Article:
Over the last few years, as we work more in the social innovation space, our practice has been fruitfully challenged. Ten years ago the majority of our work focused on programs. Increasingly, as evaluators, we provide services across initiatives working towards effecting system changes. Our toolkits have had to expand with our work and we are continually sharpening our skills – and even becoming more agile!

Our theory of change toolkit has, as a result, greatly expanded. We have learnt new approaches to developing a theory of change and now see that having just one approach in your toolkit is no longer enough. We draw on a number of top-down, bottom-up and ‘lateral’ approaches to match where clients are on the ‘life cycle’ (design, planning, implementation etc.), the nature of their work, and the drivers for developing a Theory of Change.

For example, one of the approaches we now regularly use is what we call ‘global theory of change’. It is different to other approaches in that it maps what needs to change (outcomes) to achieve a desired societal-level outcome and is unprioritised. It is not concerned with who does what or what money you have to invest, but draws on expert knowledge to understand the required pre-conditions for achieving a given change.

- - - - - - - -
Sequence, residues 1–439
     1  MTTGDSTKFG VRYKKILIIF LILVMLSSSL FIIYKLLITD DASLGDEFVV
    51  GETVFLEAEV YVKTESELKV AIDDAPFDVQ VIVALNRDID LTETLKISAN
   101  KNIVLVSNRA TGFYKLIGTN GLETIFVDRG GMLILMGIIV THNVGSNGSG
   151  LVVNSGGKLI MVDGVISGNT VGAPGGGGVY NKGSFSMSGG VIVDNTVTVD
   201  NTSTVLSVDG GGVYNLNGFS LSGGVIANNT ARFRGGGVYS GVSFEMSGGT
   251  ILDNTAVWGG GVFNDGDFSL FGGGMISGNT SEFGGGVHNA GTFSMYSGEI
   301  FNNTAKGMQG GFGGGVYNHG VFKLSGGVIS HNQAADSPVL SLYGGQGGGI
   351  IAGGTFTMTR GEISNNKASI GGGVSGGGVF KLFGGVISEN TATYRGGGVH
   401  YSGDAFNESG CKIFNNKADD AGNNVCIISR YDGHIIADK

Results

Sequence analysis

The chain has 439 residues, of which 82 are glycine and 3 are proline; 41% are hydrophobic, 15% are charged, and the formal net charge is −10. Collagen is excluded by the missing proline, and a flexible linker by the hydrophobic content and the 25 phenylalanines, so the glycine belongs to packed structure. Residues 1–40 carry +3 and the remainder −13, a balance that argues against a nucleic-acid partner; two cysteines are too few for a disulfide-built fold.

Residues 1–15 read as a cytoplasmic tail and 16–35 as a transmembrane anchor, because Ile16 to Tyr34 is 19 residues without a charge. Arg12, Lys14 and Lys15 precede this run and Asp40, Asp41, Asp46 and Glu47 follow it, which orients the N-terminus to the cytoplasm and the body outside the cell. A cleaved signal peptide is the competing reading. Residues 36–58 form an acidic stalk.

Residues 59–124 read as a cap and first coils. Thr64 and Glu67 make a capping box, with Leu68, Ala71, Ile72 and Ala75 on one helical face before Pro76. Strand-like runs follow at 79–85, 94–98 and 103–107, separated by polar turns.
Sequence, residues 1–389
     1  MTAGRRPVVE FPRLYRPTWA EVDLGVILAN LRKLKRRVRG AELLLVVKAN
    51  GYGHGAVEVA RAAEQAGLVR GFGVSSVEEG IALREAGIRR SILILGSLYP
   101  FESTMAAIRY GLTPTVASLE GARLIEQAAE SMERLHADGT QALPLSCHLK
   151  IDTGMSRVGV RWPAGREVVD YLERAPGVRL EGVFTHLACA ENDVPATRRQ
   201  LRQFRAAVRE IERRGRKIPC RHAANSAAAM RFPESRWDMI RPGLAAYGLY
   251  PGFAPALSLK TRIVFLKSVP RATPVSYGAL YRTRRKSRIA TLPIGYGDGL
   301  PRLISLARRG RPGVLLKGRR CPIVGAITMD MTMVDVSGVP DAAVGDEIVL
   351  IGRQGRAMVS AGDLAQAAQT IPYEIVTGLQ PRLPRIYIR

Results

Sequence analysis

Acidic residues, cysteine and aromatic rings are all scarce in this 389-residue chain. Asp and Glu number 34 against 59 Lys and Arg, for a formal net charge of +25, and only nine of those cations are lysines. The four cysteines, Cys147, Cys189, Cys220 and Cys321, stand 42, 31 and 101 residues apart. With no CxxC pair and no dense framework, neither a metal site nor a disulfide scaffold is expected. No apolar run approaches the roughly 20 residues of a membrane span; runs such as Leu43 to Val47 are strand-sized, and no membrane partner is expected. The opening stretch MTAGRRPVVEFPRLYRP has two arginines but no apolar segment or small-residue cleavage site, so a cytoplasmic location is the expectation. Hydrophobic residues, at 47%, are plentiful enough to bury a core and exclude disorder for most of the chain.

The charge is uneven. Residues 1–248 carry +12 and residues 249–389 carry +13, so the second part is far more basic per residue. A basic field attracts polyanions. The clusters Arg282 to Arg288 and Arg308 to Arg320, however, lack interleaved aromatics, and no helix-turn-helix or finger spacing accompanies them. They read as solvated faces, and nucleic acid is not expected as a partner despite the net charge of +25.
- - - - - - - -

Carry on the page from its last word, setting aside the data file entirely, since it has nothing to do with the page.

The global theory of change approach has been useful in helping social innovators, amongst others, to interrogate their theories about what needs to change in a system, where they might intervene in a system, and understand the key interdependencies within the system in relation to a given societal-level outcome. It can also act as a canvas from which we can identify smaller pieces of the system to work on whilst retaining an eye on the whole.

There are many more approaches; see our think piece – agile theory of change for system change endeavours – and tell us about the ones you are using.